Have a question about the NFL? Ask Times NFL writer Sam Farmer, and he will answer as many as he can online and in the Sunday editions of the newspaper throughout the season. Email questions to: email@example.com
While assuming that numbers being shouted by the quarterback at the line of scrimmage are for plays about to happen, what is with the preponderance of numbers such as those being called by Green Bay’s Aaron Rodgers (“369”) and why does the ball often seem to be snapped in the middle of that very number? Put another way, whatever happened to “Hut?”
Farmer: Start with this: Rodgers is actually saying, “Green 19,” and it’s part of his standard presnap cadence. Most of that is gibberish aimed at throwing off the timing of defensive linemen and/or causing someone to jump offsides. A split-second edge could be the difference in a play working or not. Quarterbacks will often use a color system at the line of scrimmage in which everything said after a certain “live” color is actually a meaningful audible. Most of what is said is part of the cat-and-mouse game between a quarterback and a defense, with a quarterback trying to get a defense to show its hand before the ball is snapped.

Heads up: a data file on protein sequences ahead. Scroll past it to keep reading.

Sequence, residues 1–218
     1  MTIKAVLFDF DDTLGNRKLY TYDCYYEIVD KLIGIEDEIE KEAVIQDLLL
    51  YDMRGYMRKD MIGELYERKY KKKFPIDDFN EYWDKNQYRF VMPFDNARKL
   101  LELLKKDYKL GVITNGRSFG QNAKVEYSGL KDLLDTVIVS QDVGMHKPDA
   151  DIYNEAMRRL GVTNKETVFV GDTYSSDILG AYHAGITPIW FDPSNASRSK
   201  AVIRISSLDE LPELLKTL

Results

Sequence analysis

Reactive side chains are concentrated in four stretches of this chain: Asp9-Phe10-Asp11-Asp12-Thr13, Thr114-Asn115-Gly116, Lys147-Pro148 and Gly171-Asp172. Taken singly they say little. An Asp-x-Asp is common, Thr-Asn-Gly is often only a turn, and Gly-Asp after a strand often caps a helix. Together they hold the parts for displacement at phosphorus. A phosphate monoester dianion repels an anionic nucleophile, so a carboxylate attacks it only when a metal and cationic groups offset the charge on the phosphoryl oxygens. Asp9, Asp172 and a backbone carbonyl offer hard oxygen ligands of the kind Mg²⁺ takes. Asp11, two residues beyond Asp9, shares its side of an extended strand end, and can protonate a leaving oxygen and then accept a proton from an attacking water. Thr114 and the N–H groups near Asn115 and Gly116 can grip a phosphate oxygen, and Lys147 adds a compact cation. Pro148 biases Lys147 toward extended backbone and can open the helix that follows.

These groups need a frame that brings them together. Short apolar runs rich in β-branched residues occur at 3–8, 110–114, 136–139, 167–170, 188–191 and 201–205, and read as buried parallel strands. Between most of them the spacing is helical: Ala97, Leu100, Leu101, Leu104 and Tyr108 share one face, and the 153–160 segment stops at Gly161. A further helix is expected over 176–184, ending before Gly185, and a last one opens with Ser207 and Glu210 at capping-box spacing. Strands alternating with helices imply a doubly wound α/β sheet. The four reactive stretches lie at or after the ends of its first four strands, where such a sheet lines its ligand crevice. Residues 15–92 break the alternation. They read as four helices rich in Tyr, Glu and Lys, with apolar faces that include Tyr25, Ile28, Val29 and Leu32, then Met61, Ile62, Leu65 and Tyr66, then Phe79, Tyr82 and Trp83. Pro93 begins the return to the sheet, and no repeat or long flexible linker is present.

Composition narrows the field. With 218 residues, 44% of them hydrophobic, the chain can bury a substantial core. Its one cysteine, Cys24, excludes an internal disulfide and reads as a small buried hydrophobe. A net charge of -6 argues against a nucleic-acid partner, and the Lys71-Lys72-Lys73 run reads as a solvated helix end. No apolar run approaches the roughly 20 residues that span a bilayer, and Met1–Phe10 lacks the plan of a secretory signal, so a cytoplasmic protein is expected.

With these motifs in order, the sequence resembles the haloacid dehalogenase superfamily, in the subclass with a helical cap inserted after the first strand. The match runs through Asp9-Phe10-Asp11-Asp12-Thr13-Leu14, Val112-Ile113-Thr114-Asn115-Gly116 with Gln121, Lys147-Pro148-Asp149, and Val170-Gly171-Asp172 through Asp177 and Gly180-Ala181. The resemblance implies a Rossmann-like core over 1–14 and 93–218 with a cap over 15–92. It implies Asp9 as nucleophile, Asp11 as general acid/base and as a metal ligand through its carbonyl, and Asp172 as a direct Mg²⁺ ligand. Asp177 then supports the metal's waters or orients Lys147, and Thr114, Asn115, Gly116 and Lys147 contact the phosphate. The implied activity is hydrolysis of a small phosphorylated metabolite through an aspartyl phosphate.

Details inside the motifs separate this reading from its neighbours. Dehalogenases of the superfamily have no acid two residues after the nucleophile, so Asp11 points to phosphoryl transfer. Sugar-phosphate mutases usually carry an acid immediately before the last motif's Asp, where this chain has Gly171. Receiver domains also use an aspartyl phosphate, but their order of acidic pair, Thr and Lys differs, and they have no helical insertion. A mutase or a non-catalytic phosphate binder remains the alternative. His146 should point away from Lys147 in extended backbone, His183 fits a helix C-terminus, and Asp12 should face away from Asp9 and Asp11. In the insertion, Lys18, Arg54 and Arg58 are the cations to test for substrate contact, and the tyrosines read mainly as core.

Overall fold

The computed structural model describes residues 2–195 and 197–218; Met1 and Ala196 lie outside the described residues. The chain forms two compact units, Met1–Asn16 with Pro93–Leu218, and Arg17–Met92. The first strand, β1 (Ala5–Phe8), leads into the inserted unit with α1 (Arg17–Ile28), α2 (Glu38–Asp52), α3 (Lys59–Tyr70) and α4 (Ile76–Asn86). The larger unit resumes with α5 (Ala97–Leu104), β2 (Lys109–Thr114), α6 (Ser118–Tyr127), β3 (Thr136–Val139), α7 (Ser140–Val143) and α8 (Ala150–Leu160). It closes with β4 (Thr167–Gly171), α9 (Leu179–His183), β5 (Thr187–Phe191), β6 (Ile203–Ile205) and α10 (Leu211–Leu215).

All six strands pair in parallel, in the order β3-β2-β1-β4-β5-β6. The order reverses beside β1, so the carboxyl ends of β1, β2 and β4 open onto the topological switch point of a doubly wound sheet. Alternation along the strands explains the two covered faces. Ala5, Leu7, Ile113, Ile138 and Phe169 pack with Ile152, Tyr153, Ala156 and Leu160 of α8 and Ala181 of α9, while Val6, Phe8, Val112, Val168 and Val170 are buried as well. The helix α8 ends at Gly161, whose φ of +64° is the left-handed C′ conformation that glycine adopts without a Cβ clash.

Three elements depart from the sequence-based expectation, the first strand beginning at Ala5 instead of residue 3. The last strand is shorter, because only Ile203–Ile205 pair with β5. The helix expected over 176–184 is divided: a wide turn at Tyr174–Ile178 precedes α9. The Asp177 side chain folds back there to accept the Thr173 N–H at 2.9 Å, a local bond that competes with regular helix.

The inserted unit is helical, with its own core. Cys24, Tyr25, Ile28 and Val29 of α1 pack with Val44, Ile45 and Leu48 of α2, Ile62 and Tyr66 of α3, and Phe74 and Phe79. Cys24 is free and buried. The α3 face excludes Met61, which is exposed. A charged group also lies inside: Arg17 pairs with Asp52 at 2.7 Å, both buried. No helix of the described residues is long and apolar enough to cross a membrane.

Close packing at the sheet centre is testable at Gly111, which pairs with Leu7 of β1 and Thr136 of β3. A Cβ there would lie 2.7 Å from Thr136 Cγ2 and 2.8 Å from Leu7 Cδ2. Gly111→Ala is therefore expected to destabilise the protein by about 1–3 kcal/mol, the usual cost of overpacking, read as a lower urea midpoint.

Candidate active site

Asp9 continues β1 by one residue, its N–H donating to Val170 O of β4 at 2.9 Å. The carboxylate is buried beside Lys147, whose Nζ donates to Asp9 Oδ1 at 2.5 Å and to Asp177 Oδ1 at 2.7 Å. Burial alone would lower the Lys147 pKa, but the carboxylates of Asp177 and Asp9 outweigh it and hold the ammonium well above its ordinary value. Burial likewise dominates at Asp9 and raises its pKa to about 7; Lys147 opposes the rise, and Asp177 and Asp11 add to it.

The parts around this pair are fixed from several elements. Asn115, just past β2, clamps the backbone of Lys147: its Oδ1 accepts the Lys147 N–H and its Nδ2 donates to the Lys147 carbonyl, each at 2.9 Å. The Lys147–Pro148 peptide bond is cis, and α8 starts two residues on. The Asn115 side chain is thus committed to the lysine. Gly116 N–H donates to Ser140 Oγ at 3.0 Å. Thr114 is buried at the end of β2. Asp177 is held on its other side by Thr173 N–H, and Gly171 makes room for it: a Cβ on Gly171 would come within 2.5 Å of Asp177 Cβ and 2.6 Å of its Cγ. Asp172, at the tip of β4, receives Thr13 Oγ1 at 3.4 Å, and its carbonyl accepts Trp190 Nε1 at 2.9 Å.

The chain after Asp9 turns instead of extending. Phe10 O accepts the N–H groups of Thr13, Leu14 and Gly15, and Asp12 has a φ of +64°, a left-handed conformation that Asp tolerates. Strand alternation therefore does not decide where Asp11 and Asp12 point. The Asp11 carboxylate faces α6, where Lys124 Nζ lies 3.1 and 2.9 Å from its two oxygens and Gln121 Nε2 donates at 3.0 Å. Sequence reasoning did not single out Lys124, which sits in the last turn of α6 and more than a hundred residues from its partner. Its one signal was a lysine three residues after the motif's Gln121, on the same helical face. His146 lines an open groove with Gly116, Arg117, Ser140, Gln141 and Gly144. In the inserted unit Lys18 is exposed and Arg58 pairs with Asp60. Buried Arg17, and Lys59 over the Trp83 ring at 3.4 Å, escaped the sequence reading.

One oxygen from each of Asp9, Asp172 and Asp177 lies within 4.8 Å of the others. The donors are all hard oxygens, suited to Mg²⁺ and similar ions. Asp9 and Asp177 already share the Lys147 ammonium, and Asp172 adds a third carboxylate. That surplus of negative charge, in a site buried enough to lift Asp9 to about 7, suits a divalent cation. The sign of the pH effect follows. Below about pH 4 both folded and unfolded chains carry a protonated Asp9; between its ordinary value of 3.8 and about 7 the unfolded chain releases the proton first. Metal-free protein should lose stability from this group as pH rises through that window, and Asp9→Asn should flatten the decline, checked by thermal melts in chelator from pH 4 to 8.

“A number 99% of the time means absolutely nothing,” former NFL quarterback Dan Orlovsky said. “Honestly, it’s just what a guy’s comfortable with, what a coach told him to use, what sounds good. It really means nothing, more often than not. Every offense is different. Green could be a live color to one offense — ‘Hey, we’re running this play’ — and a dummy color to another offense.”
That said, the words used in audibles can be really clever. For instance, in the Mike Holmgren era, the Seattle Seahawks weaved the names of quarterback coach Jim Zorn’s daughter (Sarah) and quarterback Brock Huard’s wife (Molly) into the offense. There’s an R in Sarah, so that was a screen to the right. Molly has two Ls so it was a screen to the left.
When Sam Wyche was coaching in Cincinnati, he used the acronym “BOSS” for the blocking scheme “Back on Strong Safety.” Because that was too easy a code to crack, the Bengals called that strategy “Bruce,” as in Springsteen, “The Boss.” When they were playing a division opponent for a second time, they switched the word for that assignment to “Paul,” in honor of their boss, Bengals owner Paul Brown.
Basically, words have different meanings to different teams on different weeks.
“I was in Peyton Manning’s offense, and he was the epitome of the word-based system,” Orlovsky said. “Originally, a jailbreak screen was ‘jailbreak.’ Then teams caught on, so we started calling them by names of actual prisons, and communicate them by what coast they were on, so it was, ‘Rikers’ and ‘Alcatraz.’”